Illustration by Zahira Zuvuya

Is US culture changing its mind about psychoactives?

Oregon is a frontrunner in legalizing medical psychedelics

Time and time again, one can witness how some individuals in positions of power have abused that power to the detriment of others. Historically and repeatedly, we have seen systems of power restrict marginalized groups, often destroying culture and healing practices in the process.


In his Netflix docuseries How to Change Your Mind, celebrity author Michael Pollan argues that the use of psychoactive fungi is no exception. “When the Spaniards colonized the Indigenous peoples of Mexico… they talked about people using mushrooms and entering these transcendent states, using mushrooms in their worship,” Pollan said in the documentary. “The Mazatec Indians called the mushrooms Flesh of the Gods… this was terrifying to the Catholic Church. And so they crushed it brutally.”


After the Catholic Church attempted to suppress its use, these mushrooms, now known as psilocybin, went underground and Indigenous cultures continued to use them despite pushback from their colonizers.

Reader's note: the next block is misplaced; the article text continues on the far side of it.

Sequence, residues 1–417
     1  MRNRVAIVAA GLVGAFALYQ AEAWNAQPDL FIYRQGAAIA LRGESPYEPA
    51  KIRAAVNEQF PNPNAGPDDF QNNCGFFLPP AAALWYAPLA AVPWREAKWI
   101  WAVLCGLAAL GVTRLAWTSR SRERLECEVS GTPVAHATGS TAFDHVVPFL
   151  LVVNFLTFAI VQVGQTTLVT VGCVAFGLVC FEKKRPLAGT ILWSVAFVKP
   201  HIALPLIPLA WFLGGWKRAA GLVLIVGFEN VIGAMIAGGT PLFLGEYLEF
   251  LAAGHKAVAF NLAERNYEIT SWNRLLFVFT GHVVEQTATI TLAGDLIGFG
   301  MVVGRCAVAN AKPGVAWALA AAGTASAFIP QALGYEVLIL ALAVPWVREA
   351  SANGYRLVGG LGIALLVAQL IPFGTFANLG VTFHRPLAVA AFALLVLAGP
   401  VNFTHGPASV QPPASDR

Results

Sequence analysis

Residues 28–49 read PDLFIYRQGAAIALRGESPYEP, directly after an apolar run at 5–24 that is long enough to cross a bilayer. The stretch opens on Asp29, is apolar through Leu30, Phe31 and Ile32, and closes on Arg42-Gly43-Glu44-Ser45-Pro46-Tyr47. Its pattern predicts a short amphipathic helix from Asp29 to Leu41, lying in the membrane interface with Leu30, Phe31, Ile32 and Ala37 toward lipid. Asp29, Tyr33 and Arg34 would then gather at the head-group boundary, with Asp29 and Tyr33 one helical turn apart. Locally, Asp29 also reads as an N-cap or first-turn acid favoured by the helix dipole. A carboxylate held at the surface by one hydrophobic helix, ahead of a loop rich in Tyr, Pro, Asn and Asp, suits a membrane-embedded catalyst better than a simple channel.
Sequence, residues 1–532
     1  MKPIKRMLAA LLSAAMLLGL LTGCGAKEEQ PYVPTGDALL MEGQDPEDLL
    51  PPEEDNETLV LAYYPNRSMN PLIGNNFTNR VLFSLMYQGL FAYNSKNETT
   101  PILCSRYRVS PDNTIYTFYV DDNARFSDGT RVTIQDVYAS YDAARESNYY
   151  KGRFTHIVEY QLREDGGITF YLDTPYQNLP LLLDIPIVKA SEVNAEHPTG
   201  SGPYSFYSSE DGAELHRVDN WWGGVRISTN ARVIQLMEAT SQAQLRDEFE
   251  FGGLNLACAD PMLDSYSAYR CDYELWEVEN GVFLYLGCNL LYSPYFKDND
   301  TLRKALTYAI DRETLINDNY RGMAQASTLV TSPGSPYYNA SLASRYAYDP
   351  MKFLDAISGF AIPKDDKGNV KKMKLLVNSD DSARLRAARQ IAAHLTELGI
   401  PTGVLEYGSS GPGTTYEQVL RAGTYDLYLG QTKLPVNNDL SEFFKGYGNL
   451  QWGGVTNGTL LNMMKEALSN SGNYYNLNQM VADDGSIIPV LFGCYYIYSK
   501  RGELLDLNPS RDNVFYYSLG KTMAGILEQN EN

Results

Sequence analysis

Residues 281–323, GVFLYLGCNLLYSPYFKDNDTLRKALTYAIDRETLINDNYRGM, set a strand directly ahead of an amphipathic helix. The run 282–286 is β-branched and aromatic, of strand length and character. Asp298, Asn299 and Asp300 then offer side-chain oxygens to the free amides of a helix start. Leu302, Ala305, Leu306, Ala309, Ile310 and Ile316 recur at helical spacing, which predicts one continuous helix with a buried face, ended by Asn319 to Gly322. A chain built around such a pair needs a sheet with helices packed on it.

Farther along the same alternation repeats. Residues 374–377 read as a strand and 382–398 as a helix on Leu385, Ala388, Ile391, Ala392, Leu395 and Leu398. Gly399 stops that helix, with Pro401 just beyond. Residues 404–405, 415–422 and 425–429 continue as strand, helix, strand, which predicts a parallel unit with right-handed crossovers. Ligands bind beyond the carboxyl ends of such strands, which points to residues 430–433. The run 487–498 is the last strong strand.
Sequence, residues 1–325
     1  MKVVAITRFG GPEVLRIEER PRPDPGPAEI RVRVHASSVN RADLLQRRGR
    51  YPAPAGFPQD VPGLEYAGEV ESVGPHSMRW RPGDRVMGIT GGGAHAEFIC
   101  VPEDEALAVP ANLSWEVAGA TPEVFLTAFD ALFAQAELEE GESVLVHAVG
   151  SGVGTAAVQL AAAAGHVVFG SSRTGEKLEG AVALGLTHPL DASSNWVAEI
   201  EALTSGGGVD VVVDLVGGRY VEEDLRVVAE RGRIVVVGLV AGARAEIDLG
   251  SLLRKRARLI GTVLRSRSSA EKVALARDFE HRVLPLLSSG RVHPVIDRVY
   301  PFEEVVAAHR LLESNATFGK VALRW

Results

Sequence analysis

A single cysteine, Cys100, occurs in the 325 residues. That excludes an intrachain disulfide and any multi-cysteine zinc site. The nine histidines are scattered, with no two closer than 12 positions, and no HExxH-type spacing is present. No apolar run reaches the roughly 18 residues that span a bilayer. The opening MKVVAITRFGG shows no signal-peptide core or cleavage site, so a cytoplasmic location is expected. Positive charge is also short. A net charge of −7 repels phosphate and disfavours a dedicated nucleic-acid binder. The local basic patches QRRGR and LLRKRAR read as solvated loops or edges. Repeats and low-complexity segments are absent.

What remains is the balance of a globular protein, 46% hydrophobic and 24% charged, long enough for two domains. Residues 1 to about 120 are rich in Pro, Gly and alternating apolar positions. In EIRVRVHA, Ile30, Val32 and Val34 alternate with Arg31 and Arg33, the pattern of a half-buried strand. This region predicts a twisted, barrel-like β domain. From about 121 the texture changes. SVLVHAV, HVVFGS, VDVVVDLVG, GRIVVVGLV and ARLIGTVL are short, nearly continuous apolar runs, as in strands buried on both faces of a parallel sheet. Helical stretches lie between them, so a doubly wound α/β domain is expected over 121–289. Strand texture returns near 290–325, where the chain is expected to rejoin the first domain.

Centuries later, two authors and amateur mycologists, R. Gordan Wasson and his wife, Dr. Valentina Pavlovna Wasson, made several trips to Mexico in search of the rumored psychoactive mushrooms.


They eventually found the sacred mushroom in 1955 and convinced María Sabina, the local village curandero (healer), to allow them to try it. After their experience, they went home and wrote about it and soon everyone knew about the magical mushroom. 


However, this came with disastrous results. While Sabina is considered the grandmother of psychedelics, and her legacy lives on to this day, Pollan reported that “María Sabina came to regret having introduced Wasson to the mushrooms because it had a profound effect on her town… [The] town turned against her, her house was burned down, her family was subjected to violence, and ultimately she died destitute. She suffered tremendously as a result of introducing the world to the magic mushroom.”


Given its history, the use of psilocybin can be complicated, especially as a white person. As Dr. Jason Luoma, psychologist and researcher assisting with MDMA clinical trials, said, “Psilocybin is… complicated because it’s everywhere, but there are these cultural traditions that it’s nested in that are growing out of Indigenous cultures… considering those factors is an important element of being involved in the use of those plants or fungi.”